Build a Standing Desk
Furniture Essentials Series
Build a standing desk designed by Jim Tolpin in this 10 day hand tool woodworking class with Matthew Straughn-Morse.
In Jim Tolpin's words:
"I designed this smallish stand-up desk to provide a dedicated area within my tiny workshop to work on scale drawings. It was also to provide me with a challenge: To create a project start to finish entirely within the realm of pre-industrial technology, ramping up my education in how traditional artisans got things done. My goal was to design the desk entirely to harmonic ratios (as they did exclusively through the end of the 18th century); to use joinery that negated the need for glue or fasteners for structural longevity; and to built the project entirely with hand-powered tools. It also had to be perfectly comfortable to work at and it had to be, at the least, handsome."
Update: This Standing Desk project will be featured in the February 2016 edition of Popular Woodworking. You've read the article? Now build the Desk!
"The design process begins with a single parameter; the height of the drawing surface at its front edge. For me this worked out to be about elbow height--which I marked on a stick from a cobbled-together mock-up. From there, the slope is set by experimentation (mine was 1:5), then all other dimensions are developed as harmonic whole-number ratios to the floor-to-elbow height. The only tool involved here is the eye and a set of dividers.
Strong, durable joinery in a tall and relatively slender structure such as this is critical. I chose draw-bored mortise and tenons for the apron-to-leg connections; through-wedged tenons for the trestle’s side rails, and through-tusked tenons for the cross stretcher-to-rail connection. Each of these joints are adjustable over time (in fact the entire trestle system can be knocked down for repair or transport if necessary); and they provide opposing (locking) connective forces. The desk box is dovetailed at its corners and features a tongue-and-groove bottom and a pinned, frame-and-panel writing surface. None of these joints rely on glue or fasteners to resist bearing forces.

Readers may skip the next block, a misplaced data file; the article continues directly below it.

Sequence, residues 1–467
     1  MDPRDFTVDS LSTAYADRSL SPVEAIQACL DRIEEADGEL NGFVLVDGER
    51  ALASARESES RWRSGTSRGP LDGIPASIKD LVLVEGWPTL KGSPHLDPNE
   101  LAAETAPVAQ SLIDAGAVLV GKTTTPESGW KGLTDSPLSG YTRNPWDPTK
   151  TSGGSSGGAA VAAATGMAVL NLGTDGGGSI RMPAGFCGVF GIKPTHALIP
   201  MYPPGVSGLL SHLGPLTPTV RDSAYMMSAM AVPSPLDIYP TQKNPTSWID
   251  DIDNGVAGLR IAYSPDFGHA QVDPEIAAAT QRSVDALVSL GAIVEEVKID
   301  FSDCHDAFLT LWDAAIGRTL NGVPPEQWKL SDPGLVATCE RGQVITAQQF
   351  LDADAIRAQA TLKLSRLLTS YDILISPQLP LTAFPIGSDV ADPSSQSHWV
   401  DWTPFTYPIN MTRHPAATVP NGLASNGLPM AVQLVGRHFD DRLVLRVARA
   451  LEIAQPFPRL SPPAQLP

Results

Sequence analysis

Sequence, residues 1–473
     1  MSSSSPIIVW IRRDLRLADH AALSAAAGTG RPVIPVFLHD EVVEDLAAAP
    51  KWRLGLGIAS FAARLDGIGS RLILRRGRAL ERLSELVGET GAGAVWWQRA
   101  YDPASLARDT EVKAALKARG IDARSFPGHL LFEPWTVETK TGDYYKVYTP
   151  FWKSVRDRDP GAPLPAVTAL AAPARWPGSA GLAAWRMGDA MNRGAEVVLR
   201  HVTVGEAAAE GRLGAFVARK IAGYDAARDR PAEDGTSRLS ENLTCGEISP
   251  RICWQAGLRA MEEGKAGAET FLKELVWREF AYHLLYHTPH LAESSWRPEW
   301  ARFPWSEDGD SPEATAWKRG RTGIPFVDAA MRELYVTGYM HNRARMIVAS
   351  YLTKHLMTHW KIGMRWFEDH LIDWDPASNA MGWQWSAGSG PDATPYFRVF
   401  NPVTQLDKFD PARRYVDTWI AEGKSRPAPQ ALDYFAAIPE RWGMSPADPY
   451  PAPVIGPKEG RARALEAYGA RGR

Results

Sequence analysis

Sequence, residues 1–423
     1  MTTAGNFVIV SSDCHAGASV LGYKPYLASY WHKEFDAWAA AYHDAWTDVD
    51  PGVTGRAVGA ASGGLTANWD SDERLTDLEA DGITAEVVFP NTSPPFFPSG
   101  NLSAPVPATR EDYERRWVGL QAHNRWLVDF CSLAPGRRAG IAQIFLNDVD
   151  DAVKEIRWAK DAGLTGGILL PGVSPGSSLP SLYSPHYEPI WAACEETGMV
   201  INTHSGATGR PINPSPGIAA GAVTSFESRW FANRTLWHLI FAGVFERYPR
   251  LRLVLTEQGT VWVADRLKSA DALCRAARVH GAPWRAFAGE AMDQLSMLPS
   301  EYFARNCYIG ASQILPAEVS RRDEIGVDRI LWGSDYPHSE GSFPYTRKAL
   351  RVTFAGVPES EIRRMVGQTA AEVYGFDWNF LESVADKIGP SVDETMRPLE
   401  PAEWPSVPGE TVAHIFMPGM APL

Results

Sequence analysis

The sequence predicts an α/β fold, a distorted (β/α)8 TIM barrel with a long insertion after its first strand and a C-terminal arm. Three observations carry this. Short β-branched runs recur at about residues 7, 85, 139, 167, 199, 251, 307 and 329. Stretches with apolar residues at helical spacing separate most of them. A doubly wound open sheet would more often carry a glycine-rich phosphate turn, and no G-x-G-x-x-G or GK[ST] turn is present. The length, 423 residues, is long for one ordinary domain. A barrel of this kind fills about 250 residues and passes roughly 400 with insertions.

In order to build this project in a two week time-frame at the Port Townsend School of Woodworking, we jump-start the process by providing a set of plans (which students can tweak a bit to adjust leg height) and a full kit of pre-dimensioned components. All the joinery, however, is done with hand tools as is the final surfacing of “show” faces. No electrons (or sandpaper) will be harmed in the making of this product!"
If you have started to build your own set of hand tools we encourage you to bring them along to the class so that you can deepen your experience with them and work with the instructors to tune and fully understand your tools. Please see our What to Expect page if you plan to ship your tools to the school.
Otherwise you are welcome to use the high quality hand tools at our fully equipped workbenches.
We provide you with a complete kit of pre-dimensioned parts for the Standing Desk. We will source and mill the materials for the Standing Desk about a month prior to the class. We won't know the final price for the kit until we purchase the materials. We will collect a materials deposit for the approximate cost and refund students if the actual cost is lower than the deposit.
This is our most advanced course for hand tool woodworkers in the Furniture Essentials program. It requires
If you have not attended the School but you have the skills equivalent to those in Jim Tolpin's The New Traditional Woodworker and built some furniture by hand then this course is a great vehicle for you to further develop those skills.
This class should not be the first time for you to cut dovetails or mortice and tenon joinery.
Class Information and Registration
Class size: 10
Materials Charge: $500
Register by: July 2, 2016
When you click on the Register link you will be able to register for the class or, if the class is full, sign up for the wait list.